Trump says FBI executed search warrant at his Mar-a-Lago home

WATCH: FBI agents on Monday executed a search warrant at Donald Trump’s Mar-a-Lago resort and home in Palm Beach, Florida, according to a statement from the former U.S. president.

FBI agents on Monday executed a search warrant at Donald Trump’s Mar-a-Lago resort and home in Palm Beach, Florida, according to a statement from the former U.S. president.

Trump said in a statement released to reporters and posted on his Truth Social social media platform that his “beautiful home” was “under siege, raided and occupied by a large group of FBI agents.”

“They even broke into my safe!” the statement read.

Trump did not say what the agents were looking for or if they removed any materials from Mar-a-Lago, the resort he has called his home and political headquarters since leaving the White House in 2021.

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Justice Department spokesperson Dena Iverson declined to comment on the search, including about whether Attorney General Merrick Garland had personally authorized the search.

Spokespeople for the FBI did not return messages seeking comment Monday evening.

The New York Times, citing unnamed sources close to the investigation, reported the FBI’s search was focused on materials Trump allegedly took with him to Florida after the end of his presidency, including classified documents. Sources also confirmed the reason for the search to the Associated Press and Reuters, among other outlets.

Photo of police car outside of Mar-a-Lago

Police stand outside an entrance to former President Donald Trump's Mar-a-Lago estate, Monday, Aug. 8, 2022, in Palm Beach, Fla. Trump said in a lengthy statement that the FBI was conducting a search of his Mar-a-Lago estate and asserted that agents had broken open a safe. (AP Photo/Wilfredo Lee)

(AP Photo/Wilfredo Lee)

The U.S. Justice Department has launched an early-stage investigation into Trump’s removal of official presidential records to Mar-a-Lago, a source familiar with the matter told Reuters in April.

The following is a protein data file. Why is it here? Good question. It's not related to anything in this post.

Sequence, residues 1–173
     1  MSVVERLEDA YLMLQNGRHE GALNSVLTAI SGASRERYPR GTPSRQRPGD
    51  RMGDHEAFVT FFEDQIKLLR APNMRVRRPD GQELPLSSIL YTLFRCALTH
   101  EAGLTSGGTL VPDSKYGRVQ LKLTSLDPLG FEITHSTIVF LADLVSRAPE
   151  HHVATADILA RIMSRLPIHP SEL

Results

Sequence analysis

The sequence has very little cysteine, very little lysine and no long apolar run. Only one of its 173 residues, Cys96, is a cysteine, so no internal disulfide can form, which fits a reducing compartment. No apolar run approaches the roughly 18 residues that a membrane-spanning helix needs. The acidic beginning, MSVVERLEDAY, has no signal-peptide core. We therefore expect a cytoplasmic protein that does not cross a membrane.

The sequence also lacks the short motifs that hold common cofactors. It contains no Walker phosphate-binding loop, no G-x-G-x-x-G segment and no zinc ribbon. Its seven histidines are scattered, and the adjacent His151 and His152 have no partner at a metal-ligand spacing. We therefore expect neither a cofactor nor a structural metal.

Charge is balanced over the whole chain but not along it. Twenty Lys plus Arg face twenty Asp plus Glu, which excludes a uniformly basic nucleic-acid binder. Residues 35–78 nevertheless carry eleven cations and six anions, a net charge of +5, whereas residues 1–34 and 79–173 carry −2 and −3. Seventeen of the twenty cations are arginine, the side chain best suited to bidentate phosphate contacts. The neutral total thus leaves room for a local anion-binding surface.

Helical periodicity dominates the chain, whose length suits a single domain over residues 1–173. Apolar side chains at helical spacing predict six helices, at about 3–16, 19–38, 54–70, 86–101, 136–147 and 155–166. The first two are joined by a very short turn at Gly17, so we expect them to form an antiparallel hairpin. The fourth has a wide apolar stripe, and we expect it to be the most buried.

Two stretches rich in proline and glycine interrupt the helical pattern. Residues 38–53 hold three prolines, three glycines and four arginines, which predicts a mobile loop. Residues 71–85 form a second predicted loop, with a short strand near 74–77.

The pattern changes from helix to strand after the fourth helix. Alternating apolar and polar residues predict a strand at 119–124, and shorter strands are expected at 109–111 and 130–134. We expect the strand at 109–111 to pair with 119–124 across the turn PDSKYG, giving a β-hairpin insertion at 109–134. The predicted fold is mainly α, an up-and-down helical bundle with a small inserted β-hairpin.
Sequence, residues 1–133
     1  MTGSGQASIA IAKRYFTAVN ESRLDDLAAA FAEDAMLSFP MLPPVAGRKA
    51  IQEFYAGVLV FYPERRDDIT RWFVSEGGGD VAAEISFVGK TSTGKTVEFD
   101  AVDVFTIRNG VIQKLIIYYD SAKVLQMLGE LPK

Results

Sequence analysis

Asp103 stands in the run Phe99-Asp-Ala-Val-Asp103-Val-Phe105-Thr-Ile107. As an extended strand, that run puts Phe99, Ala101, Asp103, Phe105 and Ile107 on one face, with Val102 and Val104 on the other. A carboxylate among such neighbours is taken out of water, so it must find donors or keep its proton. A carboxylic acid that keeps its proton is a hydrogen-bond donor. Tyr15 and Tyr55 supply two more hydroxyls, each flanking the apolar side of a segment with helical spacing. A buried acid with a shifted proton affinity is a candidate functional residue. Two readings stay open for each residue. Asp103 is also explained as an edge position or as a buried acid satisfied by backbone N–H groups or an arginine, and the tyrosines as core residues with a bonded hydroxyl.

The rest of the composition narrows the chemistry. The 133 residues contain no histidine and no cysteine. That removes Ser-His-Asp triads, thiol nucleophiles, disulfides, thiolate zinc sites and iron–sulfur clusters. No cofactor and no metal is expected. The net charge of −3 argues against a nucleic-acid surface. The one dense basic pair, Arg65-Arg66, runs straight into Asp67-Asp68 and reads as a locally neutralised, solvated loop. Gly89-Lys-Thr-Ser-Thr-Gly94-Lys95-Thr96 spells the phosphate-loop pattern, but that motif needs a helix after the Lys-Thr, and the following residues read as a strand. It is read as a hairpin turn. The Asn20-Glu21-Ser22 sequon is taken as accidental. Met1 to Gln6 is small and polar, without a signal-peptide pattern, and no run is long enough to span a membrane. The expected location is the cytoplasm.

The investigation comes after the U.S. National Archives and Records Administration in February notified Congress that it had recovered about 15 boxes of White House documents from Trump’s Florida home, some of which contained classified materials.

The U.S. House of Representatives Oversight Committee at that time announced it was expanding an investigation into Trump’s actions and asked the Archives to turn over additional information. Trump previously confirmed that he had agreed to return certain records to the Archives, calling it “an ordinary and routine process.”

“After working and cooperating with the relevant Government agencies, this unannounced raid on my home was not necessary or appropriate,” Trump said in his statement Monday.

He claimed the event was orchestrated by “Radical Left Democrats” who did not want him to run for president again in 2024 — a campaign he has repeatedly teased but has not yet officially launched.

“Such an assault could only take place in broken, Third-World Countries,” Trump’s statement added. “Sadly, America has now become one of those Countries, corrupt at a level not seen before.”

The White House said it had no prior knowledge of the search. The current FBI director, Christopher Wray, was appointed by Trump five years ago and served as a high-ranking official in a Republican-led Justice Department.

There are multiple U.S. statutes governing classified information, including a law punishable by up to five years in prison that makes it a crime to remove such records and retain them at an unauthorized location. Another statute makes it a crime to mishandle classified records either intentionally or in a grossly negligent manner.

Though a search warrant does not suggest that criminal charges are near or even expected, federal officials looking to obtain one must demonstrate that they have probable cause that a crime occurred.

Trump is facing pressure from several criminal and civil investigations in multiple states, which are looking into everything from his business practices to his efforts to overturn his 2020 election loss to President Joe Biden.

The Justice Department, which is probing the widespread campaign to keep Trump in office and deny Biden’s victory, has also reportedly begun to look at Trump’s own actions during the post-election period.

His conduct in the aftermath of the election has also been a primary focus of the congressional committee investigating the Jan. 6, 2021, attack on the U.S. Capitol by Trump supporters.

And a district attorney in Fulton County, Georgia is investigating whether Trump and his close associates sought to interfere in that state’s election, which was won by Biden.

—With files from Reuters

© 2022 Global News, a division of Corus Entertainment Inc.

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